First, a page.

Biden and the Kosovo Serbs

In westernmost Kosovo stands the 14th century Serbian Orthodox Visoki Decani Monastery, whose fresco-adorned main cathedral is the largest medieval church in the Balkans. The magnificent monastery is listed on UNESCO’s World Heritage List, but it would likely be in ruins today had it not been for the behind-the-scenes intervention of Joe Biden, the Democratic candidate for President.

On one of his many trips to Southeastern Europe, then-Senator Biden and I visited Visoki Decani in the winter of 2001. It was a tiny, isolated Serb enclave in ethnic Albanian territory. Armored personnel carriers of Italy’s KFOR contingent were parked up against the low stone wall ringing the monastery.

The well-known ‘’cyber priest’’ Father Sava Janjic described how in 1998–99 the monks had sheltered Serbs and Albanians alike during the vicious ethnic cleansing of Slobodan Milosevic’s troops and the warfare between Serbia and the Kosovo Liberation Army. The monastery, he said, continued to receive threats — this time from ethnic Albanian extremists — but until then had not been attacked.

A few days later we had meetings with all the leading Kosovar Albanian political figures, including Ramush Haradinaj, the former guerilla commander in the Decani region. Haradinaj impressed us with his understanding that a modicum of ethnic reconciliation was a precondition for Kosovo to attain independence. (Haradinaj, who subsequently was twice acquitted by the war crimes tribunal in The Hague, served as independent Kosovo’s prime minister from 2017 until February 2020.)

When Biden returned to Washington, he pondered what could be done to help protect Visoki Decani, the only Serbian Orthodox monastery in Kosovo over whose security we might have some influence. He decided to send a private letter to Haradinaj, in which he wrote: ‘’I know that you have particularly great influence in the Decani region, and I would regard it as a personal favor if you would do all you can to guarantee the safety of the Visoki Decani Monastery and its monks.’’

A few weeks later we received word from Haradinaj that he would, indeed, see that the monastery and its monks were protected.

On March 17, 2004, violent pogroms against Serbs across Kosovo resulted in several deaths and dozens of Serbian Orthodox churches and monasteries burned to the ground, despite the presence of KFOR international peacekeeping troops. A singular exception was Visoki Decani, which was spared by the mobs.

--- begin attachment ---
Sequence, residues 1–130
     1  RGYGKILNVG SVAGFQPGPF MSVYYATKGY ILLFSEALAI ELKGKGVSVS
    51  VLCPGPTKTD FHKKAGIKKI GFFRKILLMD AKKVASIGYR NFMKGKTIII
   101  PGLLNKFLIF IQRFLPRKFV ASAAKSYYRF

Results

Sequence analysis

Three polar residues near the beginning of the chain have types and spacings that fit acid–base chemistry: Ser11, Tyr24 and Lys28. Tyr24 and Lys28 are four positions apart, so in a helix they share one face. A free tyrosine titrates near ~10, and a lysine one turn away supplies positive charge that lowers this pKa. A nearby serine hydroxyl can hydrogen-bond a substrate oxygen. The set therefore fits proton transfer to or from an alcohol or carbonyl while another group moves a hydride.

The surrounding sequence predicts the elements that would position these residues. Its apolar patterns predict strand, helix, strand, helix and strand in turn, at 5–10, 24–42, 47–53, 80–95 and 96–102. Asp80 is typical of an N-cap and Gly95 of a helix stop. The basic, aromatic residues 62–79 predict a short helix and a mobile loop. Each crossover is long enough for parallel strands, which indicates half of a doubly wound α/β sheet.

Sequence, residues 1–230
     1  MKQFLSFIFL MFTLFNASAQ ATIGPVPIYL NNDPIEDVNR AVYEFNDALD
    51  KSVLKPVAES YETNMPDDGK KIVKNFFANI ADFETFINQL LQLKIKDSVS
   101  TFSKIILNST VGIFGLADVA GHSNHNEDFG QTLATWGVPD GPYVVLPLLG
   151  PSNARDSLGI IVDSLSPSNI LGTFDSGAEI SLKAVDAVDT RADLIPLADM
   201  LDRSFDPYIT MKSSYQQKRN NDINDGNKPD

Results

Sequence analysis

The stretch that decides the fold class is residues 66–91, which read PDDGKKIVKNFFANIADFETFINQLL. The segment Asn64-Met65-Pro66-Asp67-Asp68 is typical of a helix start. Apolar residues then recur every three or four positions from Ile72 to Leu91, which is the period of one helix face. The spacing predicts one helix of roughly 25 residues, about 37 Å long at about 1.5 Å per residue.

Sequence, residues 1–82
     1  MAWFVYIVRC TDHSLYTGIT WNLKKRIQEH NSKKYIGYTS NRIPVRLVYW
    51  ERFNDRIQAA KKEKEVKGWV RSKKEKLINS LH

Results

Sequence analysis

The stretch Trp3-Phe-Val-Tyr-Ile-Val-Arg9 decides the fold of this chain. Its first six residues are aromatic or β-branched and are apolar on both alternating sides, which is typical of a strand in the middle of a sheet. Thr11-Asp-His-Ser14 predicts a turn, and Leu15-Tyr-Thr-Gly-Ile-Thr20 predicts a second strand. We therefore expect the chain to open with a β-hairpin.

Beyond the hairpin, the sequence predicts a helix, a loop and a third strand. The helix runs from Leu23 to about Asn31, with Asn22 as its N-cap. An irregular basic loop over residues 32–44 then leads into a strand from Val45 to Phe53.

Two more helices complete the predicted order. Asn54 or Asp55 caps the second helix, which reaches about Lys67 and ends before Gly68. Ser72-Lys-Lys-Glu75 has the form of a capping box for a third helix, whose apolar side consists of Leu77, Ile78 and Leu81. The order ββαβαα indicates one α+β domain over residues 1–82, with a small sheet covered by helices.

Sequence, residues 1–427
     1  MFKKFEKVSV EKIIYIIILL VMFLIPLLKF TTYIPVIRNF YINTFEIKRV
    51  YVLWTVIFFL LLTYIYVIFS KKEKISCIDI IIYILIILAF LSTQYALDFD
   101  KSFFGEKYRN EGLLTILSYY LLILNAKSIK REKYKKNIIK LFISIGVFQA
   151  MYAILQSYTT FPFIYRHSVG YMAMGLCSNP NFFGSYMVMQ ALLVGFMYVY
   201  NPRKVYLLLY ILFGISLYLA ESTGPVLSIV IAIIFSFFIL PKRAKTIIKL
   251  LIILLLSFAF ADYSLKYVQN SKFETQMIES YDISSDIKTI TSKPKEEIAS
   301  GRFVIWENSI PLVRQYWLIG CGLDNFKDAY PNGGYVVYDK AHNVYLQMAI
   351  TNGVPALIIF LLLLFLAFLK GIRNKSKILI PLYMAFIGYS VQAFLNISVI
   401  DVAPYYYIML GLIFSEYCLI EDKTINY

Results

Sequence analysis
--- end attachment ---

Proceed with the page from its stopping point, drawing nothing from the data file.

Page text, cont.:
In August 2004, I returned to Kosovo for meetings with Albanian and Serb politicians. When Haradinaj entered the room, his first words to me were: ‘’Tell Senator Biden that I kept my promise.’’

Kosovo gained its independence in 2008. A diplomatic dialogue between Kosovo and Serbia, brokered by the European Union and the U.S., has yet to yield major accomplishments. Inter-communal violence in Kosovo has lessened, but tensions remain, including around Visoki Decani. Biden, who as Vice President made two visits to Kosovo, has made clear to the government that it must uphold its commitment to protect the lives of Kosovo Serbs and their remaining churches and monasteries.

No other American political figure has Joe Biden’s credibility on Balkan affairs. As President, working with our EU allies, he would be in a unique position to reinvigorate the dialogue between Serbia and Kosovo and to strengthen efforts to bridge the remaining divide between Kosovo’s Serb and Albanian communities. In doing so Biden would be serving America’s vital interest in a peaceful Balkan region, where we twice went to war in the 1990’s.

Written by

Mike Haltzel, Chairman of the Transatlantic Leadership Network, is Senior Fellow at the SAIS Foreign Policy Institute of Johns Hopkins University.

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